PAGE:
Now that I have had plenty time to look back on the trip and appreciate it as a whole, I thought I would write one last blog for my loyal fans.
I can’t quite remember the feelings I had about the trip before I started. I do remember thinking that it would be a lot easier than it eventually turned out to be. I had read a few blogs that all said that the most amazing thing about the this kind of trip is how mundane it becomes, how after a few weeks cycling 60/70 miles a day simply becomes routine. In all honesty, looking back I would say exactly the same thing about the trip. But I think that’s due to the fact that the easier days towards the end begin to cloud the memories of the tough days at the start. As I said before, the first few weeks were the hardest. For most people, a trip like this would be an accumulation of year’s worth of dreaming and planning, a lifelong dream to live on the road, cycling everyday across an amazing continent. The problem for me was that this was a three month dream; I had no experience of cycling for so long and I had (and still have) no love for cycling. I had to grow into the trip; I had to learn while I was doing it. What to eat, when to eat, how fast to go, what distances were realistic. While the bad days may have outnumbered the good ones, it is the good ones that I will remember the most. The people, the places and the experiences are something that I will always remember and it is certainly a trip that I look back on very fondly.
This will be my last post, so before I summarize, I want to take the time to thank all the incredible people that I met throughout my trip. I honestly didn’t give out the details of this site very often, so if I gave it to you, then you really contributed to the enjoyment of my trip and I hope one day I can repay you. Another big thank you to everyone who donated, I was able to visit Rachel House when I got back and witnessed where the money is going and the fantastic work that they do there. And a final big thank you to everyone who posted comments on here. I really appreciated every single comment; they really kept me going, especially through the tough first few weeks.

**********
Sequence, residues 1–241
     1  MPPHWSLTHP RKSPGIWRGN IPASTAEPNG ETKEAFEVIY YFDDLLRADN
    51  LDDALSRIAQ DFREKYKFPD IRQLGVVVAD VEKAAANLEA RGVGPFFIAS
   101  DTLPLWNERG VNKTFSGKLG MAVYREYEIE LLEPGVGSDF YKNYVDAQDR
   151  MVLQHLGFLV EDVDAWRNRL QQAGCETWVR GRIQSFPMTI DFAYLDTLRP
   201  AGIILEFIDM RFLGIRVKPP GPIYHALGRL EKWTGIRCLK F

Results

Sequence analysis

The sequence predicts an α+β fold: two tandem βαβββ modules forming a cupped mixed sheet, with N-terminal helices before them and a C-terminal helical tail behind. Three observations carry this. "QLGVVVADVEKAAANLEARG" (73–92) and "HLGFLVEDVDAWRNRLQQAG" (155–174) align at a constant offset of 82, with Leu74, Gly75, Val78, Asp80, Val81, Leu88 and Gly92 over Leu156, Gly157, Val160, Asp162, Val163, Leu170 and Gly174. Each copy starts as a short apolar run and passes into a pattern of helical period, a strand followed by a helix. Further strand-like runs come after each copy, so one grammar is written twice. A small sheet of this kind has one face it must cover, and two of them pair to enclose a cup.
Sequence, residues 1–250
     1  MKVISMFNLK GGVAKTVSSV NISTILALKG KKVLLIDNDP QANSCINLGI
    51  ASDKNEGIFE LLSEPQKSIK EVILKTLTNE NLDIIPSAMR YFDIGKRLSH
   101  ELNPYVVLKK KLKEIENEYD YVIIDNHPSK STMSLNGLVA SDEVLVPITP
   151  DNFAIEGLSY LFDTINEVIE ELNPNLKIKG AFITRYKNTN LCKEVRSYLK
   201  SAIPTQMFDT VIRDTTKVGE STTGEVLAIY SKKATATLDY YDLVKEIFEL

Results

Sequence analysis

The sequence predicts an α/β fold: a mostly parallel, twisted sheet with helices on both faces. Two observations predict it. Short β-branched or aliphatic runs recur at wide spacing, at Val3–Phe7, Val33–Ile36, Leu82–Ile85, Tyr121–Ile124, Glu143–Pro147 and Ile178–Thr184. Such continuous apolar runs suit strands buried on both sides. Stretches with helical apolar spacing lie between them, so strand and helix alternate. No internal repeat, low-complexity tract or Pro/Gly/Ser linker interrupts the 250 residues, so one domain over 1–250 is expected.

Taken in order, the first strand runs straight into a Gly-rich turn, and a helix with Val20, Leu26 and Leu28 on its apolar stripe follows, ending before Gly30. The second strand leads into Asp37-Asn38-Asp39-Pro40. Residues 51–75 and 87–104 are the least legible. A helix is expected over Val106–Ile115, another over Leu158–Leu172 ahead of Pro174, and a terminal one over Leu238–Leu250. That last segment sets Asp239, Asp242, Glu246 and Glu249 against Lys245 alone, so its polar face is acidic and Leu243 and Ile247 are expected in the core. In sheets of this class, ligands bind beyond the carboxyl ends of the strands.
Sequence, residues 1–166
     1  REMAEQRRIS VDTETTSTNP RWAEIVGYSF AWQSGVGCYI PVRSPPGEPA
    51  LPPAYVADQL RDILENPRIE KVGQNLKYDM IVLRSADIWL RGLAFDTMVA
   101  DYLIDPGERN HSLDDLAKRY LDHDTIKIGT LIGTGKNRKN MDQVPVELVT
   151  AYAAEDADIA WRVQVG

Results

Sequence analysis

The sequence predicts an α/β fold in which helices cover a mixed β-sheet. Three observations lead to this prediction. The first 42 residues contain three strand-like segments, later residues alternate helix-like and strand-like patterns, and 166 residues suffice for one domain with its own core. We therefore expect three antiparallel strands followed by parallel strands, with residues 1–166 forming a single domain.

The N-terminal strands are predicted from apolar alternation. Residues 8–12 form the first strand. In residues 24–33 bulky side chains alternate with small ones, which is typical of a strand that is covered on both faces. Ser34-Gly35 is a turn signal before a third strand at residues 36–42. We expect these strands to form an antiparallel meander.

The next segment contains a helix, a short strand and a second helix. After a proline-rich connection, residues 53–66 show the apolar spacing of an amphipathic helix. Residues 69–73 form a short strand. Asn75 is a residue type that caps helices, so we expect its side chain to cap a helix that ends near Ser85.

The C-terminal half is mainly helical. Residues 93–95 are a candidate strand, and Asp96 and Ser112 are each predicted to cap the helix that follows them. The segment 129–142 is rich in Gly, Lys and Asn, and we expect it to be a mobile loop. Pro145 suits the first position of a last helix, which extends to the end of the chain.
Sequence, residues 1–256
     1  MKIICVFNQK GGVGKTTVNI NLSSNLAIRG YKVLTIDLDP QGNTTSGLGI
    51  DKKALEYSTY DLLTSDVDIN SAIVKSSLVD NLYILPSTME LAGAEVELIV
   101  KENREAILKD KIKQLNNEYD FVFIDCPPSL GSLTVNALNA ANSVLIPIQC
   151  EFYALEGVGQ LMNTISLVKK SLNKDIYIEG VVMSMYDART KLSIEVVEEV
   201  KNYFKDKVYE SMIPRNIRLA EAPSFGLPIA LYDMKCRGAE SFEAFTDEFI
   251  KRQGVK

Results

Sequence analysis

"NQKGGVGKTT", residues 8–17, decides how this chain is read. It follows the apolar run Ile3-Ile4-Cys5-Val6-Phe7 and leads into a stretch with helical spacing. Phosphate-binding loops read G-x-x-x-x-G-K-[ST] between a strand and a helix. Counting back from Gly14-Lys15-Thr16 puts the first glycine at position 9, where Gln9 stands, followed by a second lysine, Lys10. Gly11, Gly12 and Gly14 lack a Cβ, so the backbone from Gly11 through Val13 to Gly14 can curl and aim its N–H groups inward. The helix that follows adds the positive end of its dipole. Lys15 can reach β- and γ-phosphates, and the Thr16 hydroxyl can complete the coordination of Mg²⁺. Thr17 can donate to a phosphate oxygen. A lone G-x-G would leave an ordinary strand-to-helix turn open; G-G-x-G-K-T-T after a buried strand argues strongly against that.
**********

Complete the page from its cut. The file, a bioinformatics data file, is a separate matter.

So here is a final summary of the trip:
Best day: Despite my constant moaning throughout the whole blog, I did actually have a good number of really enjoyable days. However, the best day of the trip decision was quite an easy one. From day one I dreamt of reaching the Atlantic Ocean and on day 69, this finally became a reality. It was still quite a long day, but I don’t think cycling 80 miles will ever feel so easy. However, it wasn’t the cycling that made this day the best, it was the destination. Good Harbor Beach was the perfect ending point for my trip and to have family there at the end made it even more special.
Worst day: To avoid excessive worry back home, full details of this day were not exposed in the original blog.
I mentioned a couple of times that Sundays tended to not be my best days, but one particular Sunday was worse than the rest. It was my first real day in the Rockies and it was bad from start to finish. Mileage wise it wasn’t a particularly long day, but in terms of hours on the bike, I think it was the longest. It started with a second accent of the same hill out of Lewiston, followed by a ridiculous ‘short cut’ through a field. Both of these factors meant that I hit the start of the real climb around midday, which meant climbing right through the hottest part of the day. In addition to this, I was quite low on water due to the shop on my map no longer being in business. In fact this was the only time throughout the trip that I felt low on water. The hill took forever, it was just steep enough to be constantly uncomfortable and the heat combined with a complete lack of shade made it unbearable. Towards the end of the trip, I remember thinking back and wondering if the hill actually was that tough and how I would have handled the same hill at the end of the trip. Irrespective of this, on this occasion, the hill took me around 4 hours to complete. However, if the day ended at the top of the hill, it probably wouldn’t have made this list; the day would’ve been forgotten about just like all the other tough days on the bike. But as I said, today was bad from start to finish. The flat stretch at the top of the hill to the town was a lot longer than I expected, probably due to my snail like pace at this stage and the fact that I was now completely out of water.
Upon arrival in the horrible little town of Winchester, I sat down at the only bar in town to get some food. I can’t actually remember what I ate, but I do remember getting an ice tea, which I definitely didn’t order. After dinner I set about finding somewhere to stay. My maps said that there was a campsite in town, and despite the tough day and the fact that there were a couple of motels, I was determined to start camping more. After a frustrating unsuccessful ride down and back up a hill to try find the campsite and a couple of rides around town, I finally worked out where the campsite should be. I went up a small but quite steep gravel track and arrived at where the campsite should’ve been, but all that was there was a model of a small old western town. After walking around a bit and tripping over a fence (landing face first), I decided to abandon the search and just stay in the motel back down the road.